The Innocents has received attention from academics and specialists in film theory, beginning with the literary theorist Edmund Wilson, who wrote extensively on the film's source novella, insisting that the supernatural phenomena were in fact the product of Miss Giddens' own sexual repression. According to literary scholar Leonard Orr, of the many adaptations of James's work, The Innocents has received the largest amount of critical attention.
Film scholar David J. Hogan reiterated the film's underlying themes of sexual repression becoming the focus of supernatural activity, and compared elements of the film to Robert Wise's The Haunting (1963), based on The Haunting of Hill House by Shirley Jackson. Hogan also interprets the film's final scene as "a perverse variation on the Sleeping Beauty story, as Kerr symbolically liberates the boy from a presumed possession with a kiss after he has fainted."
In the book Fifty Classic British Films, 1932-1982: A Pictorial Record (2013), film writer Anthony Slide noted: "Through the use of shadows, oblique camera angles, and an atmospheric soundtrack, Jack Clayton not only captured the horror of James's story, but also its deeper sadness—the children's isolation from the real world, the governess' problematic sexuality, and the curiously pitiful nature of the former governess, Miss Jessel."
The original screenplay for The Innocents was adapted by playwright William Archibald from his 1950 play of the same name, which itself was based on Henry James's novella The Turn of the Screw. In both his stage and screen adaptations, Archibald wrote under the assumption that the supernatural experiences of Miss Giddens were real, and that the ghosts she encountered were legitimate entities as opposed to figments of her imagination (a possibility left unresolved in James's original work). Archibald's interpretation of the source material was made clear in a denouement in the original draft of the script, which:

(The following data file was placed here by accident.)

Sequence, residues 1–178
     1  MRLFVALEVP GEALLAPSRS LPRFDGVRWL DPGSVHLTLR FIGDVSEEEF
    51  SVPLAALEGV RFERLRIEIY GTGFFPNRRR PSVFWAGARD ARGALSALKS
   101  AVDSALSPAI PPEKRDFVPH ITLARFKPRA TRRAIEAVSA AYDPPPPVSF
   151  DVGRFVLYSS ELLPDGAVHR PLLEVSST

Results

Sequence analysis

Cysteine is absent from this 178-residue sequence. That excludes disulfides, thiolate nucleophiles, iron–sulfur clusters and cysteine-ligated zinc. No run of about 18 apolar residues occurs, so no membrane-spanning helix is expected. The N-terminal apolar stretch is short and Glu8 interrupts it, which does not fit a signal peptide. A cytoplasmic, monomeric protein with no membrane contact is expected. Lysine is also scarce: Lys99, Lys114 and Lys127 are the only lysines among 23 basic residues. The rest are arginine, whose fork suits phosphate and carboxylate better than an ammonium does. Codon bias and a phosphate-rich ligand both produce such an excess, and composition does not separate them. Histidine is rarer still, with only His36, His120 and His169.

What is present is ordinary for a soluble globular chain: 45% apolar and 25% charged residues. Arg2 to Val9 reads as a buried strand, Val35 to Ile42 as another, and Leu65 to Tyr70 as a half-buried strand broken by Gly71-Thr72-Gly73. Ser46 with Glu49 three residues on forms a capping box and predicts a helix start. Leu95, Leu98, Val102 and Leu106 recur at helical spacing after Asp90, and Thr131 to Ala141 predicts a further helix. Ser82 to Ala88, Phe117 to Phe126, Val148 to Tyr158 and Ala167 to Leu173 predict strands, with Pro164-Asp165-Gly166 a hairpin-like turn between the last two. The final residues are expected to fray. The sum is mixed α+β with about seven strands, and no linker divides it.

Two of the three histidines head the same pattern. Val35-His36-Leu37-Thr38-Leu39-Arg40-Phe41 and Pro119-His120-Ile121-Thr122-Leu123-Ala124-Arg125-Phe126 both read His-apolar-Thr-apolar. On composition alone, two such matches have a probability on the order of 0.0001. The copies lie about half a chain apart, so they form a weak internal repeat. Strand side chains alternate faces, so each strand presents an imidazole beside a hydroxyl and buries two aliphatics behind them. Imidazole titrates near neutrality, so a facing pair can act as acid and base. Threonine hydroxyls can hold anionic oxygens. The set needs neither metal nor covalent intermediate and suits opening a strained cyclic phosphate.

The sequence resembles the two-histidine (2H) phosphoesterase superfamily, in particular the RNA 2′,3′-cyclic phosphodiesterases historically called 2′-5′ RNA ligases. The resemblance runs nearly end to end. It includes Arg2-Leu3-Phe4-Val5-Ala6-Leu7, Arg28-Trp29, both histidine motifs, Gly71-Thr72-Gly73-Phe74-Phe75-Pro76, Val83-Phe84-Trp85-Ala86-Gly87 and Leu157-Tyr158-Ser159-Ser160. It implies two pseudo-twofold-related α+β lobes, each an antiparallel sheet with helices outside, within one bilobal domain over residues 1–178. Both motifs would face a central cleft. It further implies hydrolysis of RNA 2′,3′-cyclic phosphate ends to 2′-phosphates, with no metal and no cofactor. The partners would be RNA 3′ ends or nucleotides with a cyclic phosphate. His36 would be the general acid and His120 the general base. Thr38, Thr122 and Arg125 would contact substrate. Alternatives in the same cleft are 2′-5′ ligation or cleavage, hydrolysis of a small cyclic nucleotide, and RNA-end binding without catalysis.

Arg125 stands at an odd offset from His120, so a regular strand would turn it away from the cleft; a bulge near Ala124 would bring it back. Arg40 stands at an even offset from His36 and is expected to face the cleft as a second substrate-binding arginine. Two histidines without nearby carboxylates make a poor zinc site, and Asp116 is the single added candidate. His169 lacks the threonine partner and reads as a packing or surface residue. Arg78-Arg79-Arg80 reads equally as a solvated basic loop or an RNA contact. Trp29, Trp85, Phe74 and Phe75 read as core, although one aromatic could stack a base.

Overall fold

comprises a montage of images superimposed over [Miss Giddens's] reclining figure—the cracked photograph of Quint, Quint on the tower, Flora's hand holding her pet tortoise, a musical box trilling "O Willow Waly." The dream ends with Miss Giddens imagining how the children have been possessed by Miss Jessel...dancing in silhouette with Flora, Quint putting a possessive arm over Miles's shoulder, and Miss Giddens herself praying for deliverance to the sound of a chiming clock.